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10:05 pm, May 21

Rangers need to do something with Prince Fielder

By all accounts, the Texas Rangers are in a better spot now than they were just a year ago.

Currently, the Rangers sit in second place in the division by just a game-and-a-half and hold a 19–15 record, compared to a 14–18 record last season, six games behind the Astros for the top spot in the division and headed towards a disastrous May.

No longer is there concern about the rotation (save this shoulder issue with A.J. Griffin), there’s excitement about Yu Darvish’s return to the mound and Rougned Odor and Nomar Mazara have led the Rangers’ offense with breakout starts to the month.

But there is one exception to this season of good feelings — Prince Fielder.

The now 32-year-old designated hitter has seemed to fall off the side of a cliff. He has just six hits in 38 at bats this month — a .158 ERA — two doubles, an RBI, a run scored and zero home runs. Everything that the Rangers were excited about when they made the trade for Fielder two offseasons ago has suddenly disappeared.

And with the rest of the offense clicking at the moment, it’s time to move Fielder in the lineup in order to keep the offense clicking.

It’s been hard watching Fielder struggle so far this season. He seems like a genuine, likable guy and he has the backing of his teammates. That being said, the stats are the stats and they aren’t very good no matter how you look at them. He’s batting below the Mendoza line at .192 and has just two home runs, the thing that has supposedly been his forte in his career. The only thing keeping him afloat was his ability to drive in runs, bringing in 17 runs in April, but even that has dried up.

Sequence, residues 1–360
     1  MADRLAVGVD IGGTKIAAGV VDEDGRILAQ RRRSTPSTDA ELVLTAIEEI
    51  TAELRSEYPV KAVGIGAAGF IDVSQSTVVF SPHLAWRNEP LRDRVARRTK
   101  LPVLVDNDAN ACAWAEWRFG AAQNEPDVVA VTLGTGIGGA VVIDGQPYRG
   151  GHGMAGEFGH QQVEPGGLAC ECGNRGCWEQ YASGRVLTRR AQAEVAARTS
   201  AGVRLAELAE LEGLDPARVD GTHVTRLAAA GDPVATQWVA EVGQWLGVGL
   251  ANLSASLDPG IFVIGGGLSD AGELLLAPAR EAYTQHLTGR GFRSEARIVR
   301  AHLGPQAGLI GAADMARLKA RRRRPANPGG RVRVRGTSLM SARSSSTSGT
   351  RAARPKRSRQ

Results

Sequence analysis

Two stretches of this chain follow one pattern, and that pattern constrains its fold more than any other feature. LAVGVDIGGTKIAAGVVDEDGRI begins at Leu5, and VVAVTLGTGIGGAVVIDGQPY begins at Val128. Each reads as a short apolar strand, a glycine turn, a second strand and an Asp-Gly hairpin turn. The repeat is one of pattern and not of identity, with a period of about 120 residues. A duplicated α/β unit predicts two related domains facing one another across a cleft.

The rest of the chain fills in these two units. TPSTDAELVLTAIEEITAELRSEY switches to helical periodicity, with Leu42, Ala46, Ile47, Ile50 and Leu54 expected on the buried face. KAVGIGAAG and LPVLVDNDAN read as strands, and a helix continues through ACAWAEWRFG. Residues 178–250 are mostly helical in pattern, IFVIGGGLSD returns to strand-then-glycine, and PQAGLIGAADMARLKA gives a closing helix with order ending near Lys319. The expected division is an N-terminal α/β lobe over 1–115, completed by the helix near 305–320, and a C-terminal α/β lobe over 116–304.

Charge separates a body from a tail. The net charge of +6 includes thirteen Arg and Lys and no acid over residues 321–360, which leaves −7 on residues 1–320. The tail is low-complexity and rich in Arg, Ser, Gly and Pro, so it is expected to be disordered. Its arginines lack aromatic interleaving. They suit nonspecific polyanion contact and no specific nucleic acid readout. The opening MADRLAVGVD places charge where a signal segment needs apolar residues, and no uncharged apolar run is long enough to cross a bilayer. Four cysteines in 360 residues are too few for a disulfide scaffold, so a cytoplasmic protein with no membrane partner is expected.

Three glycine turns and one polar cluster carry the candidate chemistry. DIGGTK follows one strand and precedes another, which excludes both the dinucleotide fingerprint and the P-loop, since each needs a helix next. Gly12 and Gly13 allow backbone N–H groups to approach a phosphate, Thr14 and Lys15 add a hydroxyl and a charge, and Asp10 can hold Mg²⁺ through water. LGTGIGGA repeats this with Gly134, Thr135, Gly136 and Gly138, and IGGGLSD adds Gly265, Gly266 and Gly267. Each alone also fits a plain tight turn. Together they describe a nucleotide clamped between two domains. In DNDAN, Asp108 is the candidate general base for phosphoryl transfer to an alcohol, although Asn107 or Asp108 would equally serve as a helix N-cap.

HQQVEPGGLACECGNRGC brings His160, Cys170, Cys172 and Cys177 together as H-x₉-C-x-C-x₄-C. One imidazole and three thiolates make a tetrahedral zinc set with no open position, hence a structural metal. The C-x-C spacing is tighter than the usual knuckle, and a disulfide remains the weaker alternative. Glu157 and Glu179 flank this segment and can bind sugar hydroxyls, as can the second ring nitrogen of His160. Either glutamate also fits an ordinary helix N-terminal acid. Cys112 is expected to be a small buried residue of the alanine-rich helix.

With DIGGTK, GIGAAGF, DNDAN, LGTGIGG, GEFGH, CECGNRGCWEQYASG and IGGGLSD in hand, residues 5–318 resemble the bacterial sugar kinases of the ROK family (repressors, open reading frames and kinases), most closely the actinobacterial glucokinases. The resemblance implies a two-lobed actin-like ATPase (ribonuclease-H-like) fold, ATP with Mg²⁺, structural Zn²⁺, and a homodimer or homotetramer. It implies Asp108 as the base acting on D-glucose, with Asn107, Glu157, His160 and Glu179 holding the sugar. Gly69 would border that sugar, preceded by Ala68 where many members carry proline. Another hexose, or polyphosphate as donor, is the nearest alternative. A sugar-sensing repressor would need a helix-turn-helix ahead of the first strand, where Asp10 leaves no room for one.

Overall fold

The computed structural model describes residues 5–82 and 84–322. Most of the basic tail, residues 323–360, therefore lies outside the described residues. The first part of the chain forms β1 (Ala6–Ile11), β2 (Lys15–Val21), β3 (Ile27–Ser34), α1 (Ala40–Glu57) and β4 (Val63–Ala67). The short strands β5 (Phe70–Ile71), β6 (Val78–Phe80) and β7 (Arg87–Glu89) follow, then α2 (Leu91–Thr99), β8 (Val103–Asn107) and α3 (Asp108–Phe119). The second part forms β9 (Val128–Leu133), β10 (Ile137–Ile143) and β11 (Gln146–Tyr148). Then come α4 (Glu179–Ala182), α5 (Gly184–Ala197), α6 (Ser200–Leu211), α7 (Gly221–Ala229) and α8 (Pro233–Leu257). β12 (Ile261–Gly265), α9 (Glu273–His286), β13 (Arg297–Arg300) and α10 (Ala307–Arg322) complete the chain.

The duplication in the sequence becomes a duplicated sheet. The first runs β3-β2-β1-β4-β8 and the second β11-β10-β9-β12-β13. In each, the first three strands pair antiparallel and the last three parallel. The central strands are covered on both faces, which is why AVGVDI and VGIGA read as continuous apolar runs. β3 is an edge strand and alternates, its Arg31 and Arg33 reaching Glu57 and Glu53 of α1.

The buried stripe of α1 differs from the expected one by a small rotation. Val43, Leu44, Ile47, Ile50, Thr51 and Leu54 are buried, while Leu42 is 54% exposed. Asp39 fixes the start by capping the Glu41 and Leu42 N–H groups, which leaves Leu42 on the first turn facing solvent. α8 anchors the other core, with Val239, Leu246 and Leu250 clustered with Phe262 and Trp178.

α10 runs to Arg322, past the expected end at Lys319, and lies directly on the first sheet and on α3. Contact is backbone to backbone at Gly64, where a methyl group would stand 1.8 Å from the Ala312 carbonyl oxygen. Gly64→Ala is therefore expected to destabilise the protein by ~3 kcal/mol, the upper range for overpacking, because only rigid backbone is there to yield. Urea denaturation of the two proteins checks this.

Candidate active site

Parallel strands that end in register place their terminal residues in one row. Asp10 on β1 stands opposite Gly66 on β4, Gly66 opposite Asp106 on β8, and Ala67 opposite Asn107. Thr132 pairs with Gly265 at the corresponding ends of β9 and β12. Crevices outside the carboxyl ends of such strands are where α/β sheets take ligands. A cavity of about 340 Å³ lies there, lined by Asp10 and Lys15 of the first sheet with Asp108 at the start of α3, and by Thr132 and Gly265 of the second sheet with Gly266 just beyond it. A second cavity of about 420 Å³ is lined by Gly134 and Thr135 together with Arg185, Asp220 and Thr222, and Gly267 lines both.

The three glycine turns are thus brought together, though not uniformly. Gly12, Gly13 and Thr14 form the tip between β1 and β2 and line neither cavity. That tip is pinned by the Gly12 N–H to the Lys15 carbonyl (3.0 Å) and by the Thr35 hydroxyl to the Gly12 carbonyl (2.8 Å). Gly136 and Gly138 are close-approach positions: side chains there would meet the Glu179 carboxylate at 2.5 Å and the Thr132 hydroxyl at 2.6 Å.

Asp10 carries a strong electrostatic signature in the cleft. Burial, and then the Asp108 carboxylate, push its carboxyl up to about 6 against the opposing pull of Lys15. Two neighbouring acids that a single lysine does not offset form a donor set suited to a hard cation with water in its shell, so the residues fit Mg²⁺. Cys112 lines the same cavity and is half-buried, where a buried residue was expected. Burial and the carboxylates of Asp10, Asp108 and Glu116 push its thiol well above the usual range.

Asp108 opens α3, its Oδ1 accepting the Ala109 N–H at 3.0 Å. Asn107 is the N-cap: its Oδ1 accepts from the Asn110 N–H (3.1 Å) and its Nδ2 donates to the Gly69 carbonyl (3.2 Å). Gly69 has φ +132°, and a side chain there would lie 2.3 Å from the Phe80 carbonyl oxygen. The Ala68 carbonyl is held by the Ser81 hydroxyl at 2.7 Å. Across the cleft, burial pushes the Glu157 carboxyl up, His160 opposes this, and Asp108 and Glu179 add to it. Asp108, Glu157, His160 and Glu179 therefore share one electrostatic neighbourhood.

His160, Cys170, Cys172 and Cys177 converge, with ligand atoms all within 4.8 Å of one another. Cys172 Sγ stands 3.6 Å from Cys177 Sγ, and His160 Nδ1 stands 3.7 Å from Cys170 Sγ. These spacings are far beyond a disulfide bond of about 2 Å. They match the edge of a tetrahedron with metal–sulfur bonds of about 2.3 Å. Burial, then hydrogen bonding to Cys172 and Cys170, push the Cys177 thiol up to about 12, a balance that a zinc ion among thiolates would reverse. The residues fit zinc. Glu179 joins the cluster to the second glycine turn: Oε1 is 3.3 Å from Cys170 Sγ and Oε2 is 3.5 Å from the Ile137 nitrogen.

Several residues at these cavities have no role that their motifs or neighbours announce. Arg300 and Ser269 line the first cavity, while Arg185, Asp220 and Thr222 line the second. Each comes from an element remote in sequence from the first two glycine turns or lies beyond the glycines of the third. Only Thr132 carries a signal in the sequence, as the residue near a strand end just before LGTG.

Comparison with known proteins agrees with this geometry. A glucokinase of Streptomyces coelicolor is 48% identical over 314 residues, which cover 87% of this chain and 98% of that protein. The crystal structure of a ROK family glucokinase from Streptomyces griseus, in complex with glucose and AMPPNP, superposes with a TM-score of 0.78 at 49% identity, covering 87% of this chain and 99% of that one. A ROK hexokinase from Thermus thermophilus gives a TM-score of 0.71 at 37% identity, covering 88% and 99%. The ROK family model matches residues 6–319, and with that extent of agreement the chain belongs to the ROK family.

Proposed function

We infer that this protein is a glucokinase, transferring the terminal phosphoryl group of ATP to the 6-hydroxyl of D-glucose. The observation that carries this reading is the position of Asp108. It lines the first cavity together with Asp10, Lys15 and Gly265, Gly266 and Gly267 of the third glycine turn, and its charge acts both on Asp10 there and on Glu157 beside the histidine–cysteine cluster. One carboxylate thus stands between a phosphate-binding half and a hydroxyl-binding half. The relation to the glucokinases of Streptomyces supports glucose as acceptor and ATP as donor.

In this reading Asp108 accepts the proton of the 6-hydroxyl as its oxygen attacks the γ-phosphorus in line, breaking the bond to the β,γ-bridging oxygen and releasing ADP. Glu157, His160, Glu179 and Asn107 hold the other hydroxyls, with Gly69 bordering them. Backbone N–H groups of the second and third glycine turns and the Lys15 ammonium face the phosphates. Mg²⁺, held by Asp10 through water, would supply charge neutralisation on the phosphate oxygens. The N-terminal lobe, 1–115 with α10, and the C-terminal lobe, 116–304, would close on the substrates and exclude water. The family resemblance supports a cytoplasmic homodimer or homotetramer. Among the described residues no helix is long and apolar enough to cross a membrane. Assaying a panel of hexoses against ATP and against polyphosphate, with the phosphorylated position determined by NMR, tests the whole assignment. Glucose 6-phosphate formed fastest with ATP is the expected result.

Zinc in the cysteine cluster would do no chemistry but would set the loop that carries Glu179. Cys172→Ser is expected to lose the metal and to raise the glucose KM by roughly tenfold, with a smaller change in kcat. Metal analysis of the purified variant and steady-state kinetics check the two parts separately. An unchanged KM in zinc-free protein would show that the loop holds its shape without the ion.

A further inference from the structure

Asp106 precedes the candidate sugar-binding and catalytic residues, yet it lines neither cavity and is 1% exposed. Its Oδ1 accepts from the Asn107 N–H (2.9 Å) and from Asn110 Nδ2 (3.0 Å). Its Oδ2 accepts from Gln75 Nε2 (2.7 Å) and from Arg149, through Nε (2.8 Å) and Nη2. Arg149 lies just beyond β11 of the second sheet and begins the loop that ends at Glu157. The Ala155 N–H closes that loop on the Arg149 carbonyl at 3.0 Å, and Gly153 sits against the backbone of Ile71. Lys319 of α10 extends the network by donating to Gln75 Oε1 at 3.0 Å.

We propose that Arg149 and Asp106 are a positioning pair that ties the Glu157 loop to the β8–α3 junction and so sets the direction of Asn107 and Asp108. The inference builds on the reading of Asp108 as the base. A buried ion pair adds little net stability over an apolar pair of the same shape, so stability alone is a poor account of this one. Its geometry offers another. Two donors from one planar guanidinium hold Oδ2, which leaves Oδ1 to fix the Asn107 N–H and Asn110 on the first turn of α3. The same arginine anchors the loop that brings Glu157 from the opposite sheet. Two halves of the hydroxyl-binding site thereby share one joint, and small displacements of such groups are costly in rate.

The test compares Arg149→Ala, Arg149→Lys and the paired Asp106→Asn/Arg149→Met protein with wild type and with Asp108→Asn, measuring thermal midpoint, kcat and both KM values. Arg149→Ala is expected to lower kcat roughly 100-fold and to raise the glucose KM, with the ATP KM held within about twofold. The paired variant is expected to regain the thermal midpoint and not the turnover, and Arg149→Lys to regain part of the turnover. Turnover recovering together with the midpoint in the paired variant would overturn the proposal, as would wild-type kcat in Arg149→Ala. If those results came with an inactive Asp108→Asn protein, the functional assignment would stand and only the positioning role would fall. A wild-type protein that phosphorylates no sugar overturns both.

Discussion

So now Jeff Banister has to pull the trigger on moving Fielder down in the order. He needs to be moved down to the sixth or seventh spot in the order and away from a spot where he can kill early game rallies. Odor, Mazara and Adrian Beltre — the three hitters in front of Fielder — have on base percentages of .338, .353, and .333 respectively, the tops among the everyday players in the lineup. But when Fielder comes up, it’s almost a guarantee that he’ll kill the rally. He has a .290 batting average with runners in scoring position and 16 RBIs, but those came in April. And in crunch time, the seventh inning and later, Fielder struggles heavily with 11 strikeouts and two RBIs.

Now, I’m not saying he needs to be moved out of the lineup entirely for an extended period of time or that he needs to moved down to the minors. Last year Shin-Soo Choo was in nearly the same situation, but managed to break out of the slump and become a key part of the Rangers team that won the West. And there’s no reason to think that Fielder can’t do the same.

But the definition of insanity is doing the same thing over and over and expecting a different result each time. That’s the spot Fielder and Bannister find themselves in right now. And for the good of the team and Fielder himself, it’s time to move him lower in the order and away from the pressure spots in the lineup.

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